Keen doesn't know what he's talking about (and that's putting it politely), and you and other heterodox economists taking him seriously just diminishes your own credibility. But confirmation bias is hard to beat, I guess.

Mm-hmm. Please tell me more about how mainstream economics generally, and yourself in particular, predicted the global financial crisis.

In as far as there is any point of substance in ivansml's comment, I guess, he is saying Aumann is mistaken in the quote in my post.

I suppose I better admit it: there is a Hyde dwelling inside this Jekyll.

I truly enjoy when the arrogant, incompetent and dimwitted rush head first against a wall. There's a kind of perversely sadistic satisfaction in that.

And what better than to claim "confirmation bias" after a selective reading. Delightful irony!

Aumann is not mistaken, but your interpretation of his paper is. He writes:

"Thus, a mathematically model appropriate to the intuitive notion of perfect competition must contain infinitely many participants."So what Aumann is saying is not that models of perfect competition with finite number of participants contain mathematical errors, but that their assumptions are not realistic according to our intuition about perfect competition. This may seem as "sophistry", but since Keen claims to have discovered literally a mathematical error, the difference between error and unrealistic assumption matters a lot.BTW, I'd be more interested about what you or other commenters think about my second point (about claim that individually "optimal" action of firms will lead to joint monopoly solution), which I consider more important. But judging by comments so far, I'll better revise my expectation for replies with actual and relevant arguments downwards.

Blissex writes:

Oh there. Previous posts in this blog have been numerous on topics related to the Cambridge capital controversy.

So "intellectually bankrupt" is too kind an assessment for a theory of Economics that does not have a working (or any at all beyond mere wishful thinking) theory of capital, and yet its practitioners talk about equilibrium, markets, and even functions of production.

In addition to what you say, nearly all the crass inconsistencies and mathematical mistakes in the mainstream theory of Economics are designed to uphold its central verity: that the optimal distribution of income is unique and a mathematical property of competitive markets, and therefore Economics is not political, just as the distribution of income is a fact, not a decision.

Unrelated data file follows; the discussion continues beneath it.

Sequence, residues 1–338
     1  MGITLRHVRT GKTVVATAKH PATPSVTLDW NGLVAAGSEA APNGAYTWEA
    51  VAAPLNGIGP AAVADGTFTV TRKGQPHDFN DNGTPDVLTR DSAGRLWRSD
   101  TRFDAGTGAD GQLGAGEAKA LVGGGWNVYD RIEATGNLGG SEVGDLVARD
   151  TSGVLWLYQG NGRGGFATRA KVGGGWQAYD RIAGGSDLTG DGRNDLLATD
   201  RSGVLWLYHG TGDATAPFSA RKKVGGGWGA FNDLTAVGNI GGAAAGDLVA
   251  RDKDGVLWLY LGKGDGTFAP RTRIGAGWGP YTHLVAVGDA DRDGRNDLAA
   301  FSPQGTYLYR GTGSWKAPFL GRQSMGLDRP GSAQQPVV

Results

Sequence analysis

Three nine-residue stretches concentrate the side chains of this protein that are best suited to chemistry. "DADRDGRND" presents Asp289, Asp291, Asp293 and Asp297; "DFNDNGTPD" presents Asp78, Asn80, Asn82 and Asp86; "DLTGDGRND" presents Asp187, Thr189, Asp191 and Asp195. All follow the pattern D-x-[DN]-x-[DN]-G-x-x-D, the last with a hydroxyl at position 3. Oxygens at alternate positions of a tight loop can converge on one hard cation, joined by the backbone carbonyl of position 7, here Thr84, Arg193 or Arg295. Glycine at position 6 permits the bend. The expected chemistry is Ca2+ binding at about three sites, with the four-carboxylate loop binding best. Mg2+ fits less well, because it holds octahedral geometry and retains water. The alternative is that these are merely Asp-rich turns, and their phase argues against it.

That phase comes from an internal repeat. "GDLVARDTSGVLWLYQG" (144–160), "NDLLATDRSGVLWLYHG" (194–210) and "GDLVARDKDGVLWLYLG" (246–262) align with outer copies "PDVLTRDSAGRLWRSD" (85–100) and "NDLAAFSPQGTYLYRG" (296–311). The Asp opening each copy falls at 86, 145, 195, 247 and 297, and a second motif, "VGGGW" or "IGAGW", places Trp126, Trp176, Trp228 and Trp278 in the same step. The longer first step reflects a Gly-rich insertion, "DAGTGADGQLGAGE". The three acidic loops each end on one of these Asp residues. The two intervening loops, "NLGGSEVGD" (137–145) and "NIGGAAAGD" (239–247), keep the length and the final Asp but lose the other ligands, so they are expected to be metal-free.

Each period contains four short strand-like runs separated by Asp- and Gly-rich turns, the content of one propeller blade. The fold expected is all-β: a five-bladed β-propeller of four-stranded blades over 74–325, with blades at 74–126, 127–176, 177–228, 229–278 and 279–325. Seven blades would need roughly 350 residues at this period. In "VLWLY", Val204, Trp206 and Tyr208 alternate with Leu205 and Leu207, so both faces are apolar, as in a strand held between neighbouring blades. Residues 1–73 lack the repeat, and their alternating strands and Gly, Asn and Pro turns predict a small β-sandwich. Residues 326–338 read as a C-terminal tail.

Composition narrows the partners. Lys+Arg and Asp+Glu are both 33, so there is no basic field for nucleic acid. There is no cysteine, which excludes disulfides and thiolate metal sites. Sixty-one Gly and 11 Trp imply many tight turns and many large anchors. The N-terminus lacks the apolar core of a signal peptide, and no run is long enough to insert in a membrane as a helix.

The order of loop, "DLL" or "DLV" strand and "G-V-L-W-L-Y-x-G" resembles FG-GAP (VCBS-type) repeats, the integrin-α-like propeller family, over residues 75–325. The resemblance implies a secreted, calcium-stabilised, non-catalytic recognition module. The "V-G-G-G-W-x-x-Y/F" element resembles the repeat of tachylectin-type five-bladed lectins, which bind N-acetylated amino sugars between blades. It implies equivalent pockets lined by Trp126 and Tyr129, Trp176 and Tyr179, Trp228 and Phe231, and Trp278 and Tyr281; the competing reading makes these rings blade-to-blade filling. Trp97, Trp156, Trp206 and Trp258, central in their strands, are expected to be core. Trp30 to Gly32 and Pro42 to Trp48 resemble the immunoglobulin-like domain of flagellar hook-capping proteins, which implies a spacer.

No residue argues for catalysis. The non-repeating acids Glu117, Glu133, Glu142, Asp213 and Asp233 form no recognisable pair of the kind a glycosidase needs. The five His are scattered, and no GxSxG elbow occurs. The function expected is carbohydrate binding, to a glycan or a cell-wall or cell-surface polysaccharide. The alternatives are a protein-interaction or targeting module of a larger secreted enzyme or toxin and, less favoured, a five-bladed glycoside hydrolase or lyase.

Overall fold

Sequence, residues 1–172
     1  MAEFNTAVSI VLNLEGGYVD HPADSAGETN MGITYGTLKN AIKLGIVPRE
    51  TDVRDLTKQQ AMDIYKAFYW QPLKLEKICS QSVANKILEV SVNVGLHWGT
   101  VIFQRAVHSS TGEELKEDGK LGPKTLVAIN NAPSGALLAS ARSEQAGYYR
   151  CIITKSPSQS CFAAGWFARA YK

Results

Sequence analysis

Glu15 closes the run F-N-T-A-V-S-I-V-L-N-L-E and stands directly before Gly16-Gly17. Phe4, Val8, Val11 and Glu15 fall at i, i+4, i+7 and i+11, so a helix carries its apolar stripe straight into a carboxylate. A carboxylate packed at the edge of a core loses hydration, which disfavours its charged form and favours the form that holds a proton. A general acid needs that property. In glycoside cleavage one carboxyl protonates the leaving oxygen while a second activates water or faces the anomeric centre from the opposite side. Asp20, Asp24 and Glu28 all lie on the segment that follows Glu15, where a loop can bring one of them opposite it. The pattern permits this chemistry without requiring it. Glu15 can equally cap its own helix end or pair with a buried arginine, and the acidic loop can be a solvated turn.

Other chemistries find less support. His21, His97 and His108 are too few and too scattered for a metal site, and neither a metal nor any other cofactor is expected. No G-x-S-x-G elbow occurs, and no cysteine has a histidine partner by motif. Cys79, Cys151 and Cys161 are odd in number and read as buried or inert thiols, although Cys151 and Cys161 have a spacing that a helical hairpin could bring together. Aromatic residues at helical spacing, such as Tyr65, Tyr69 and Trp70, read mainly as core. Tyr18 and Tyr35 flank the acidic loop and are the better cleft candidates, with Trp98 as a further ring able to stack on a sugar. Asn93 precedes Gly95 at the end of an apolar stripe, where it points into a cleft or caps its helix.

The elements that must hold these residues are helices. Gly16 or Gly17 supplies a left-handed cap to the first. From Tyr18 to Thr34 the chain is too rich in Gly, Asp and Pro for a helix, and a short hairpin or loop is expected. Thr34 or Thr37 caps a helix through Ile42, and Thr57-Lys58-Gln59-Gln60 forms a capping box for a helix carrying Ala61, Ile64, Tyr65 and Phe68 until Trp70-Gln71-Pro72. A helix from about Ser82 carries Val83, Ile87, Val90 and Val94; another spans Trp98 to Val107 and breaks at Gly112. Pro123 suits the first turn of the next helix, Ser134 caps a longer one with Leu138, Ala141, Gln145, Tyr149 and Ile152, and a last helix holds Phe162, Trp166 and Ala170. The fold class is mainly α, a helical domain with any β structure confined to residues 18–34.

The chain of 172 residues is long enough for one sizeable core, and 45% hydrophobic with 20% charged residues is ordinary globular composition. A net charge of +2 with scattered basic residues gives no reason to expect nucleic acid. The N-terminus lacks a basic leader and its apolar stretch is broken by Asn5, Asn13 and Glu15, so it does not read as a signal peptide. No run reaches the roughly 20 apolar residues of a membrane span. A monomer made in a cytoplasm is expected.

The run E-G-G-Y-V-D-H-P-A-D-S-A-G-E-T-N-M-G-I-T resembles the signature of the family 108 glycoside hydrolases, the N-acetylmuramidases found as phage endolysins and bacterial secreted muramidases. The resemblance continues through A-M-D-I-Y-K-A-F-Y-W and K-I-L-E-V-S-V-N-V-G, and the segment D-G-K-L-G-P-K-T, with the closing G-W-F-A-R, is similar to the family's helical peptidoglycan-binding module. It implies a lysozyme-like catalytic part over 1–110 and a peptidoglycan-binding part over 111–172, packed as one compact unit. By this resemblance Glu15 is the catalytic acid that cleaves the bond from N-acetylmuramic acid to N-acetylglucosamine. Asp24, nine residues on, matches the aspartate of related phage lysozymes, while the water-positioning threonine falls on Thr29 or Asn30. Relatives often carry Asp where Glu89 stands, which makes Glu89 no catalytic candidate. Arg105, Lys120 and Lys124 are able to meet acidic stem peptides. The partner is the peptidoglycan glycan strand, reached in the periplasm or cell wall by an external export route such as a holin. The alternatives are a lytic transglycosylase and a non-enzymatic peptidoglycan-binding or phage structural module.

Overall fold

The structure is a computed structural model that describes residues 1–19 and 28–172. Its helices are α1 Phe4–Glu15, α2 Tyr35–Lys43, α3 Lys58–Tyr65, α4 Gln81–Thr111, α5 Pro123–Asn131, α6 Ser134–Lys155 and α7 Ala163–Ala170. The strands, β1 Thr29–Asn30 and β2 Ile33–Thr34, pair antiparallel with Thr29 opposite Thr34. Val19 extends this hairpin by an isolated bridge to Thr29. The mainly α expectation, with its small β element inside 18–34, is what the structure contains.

Which is just propaganda, but in our time Economics is meant to be a vehicle for propaganda just like Theology was in the middle ages, and when an Economist talks is like a preacher in the middle ages telling the serfs that God has ordered men in priest, warrior, merchant and serf castes and they should accept that ordering because it is God's will.

Blissex writes:

«have traditionally assumed perfect competition, [ ... ] the influence of an individual participant on the economy cannot be mathematically negligible, as long as there are only finitely many participants. Thus, a mathematically model appropriate to the intuitive notion of perfect competition must contain infinitely many participants.»

«I've discussed this in more detail elsewhere, so just briefly: in a model of perfect competition, firms are price takers by assumption»

So yes it seems that a previous commenter assumes that Aumann is wrong, and that what Aumann thinks is the «intuitive notion of perfect competition» can be simply ignored by wishfully assuming into existence that «firms are price takers».

A trivial technique of sophistry ("petitio principii"): it is not that firms are price takers because markets are perfectly competitive, but firms, no matter their number or size, are «by assumption» price takers, therefore markets are perfectly competitive.

That is not intellectually bankrupt in the sense that it can lead far away from bankruptcy to a rewarding career, up to becoming chairman of the CEA, generously sponsored by those in whose interest the sophistry has been designed.

That sophistry reminds me of the ontological proof of the existence of God, that since God is the most perfect entity, and existence is an aspect of perfection, he must exist.

In this case the model more modestly assumes that God is an infinitely powerful and all knowing auctioneer as in «you can imagine that there is a centralized market with auctioneer who doesn't allow trade outside posted prices».

And the words used are just too revealing: «by assumption» and «imagine», never mind the entirely arbitrary words «does not allow trade», which make a mockery of the very notion of free markets.

Wishful thinking? As long as it upholds the politically useful verities, it works well.

Keen's argument seems to be to be incredibly simple and replies such as ivansml's tend to muddy the water rather than dealing with it directly.

The argument is that there is no way an individual firm can have absolutely zero effect on price, so MC=MR will not quite maximise profits.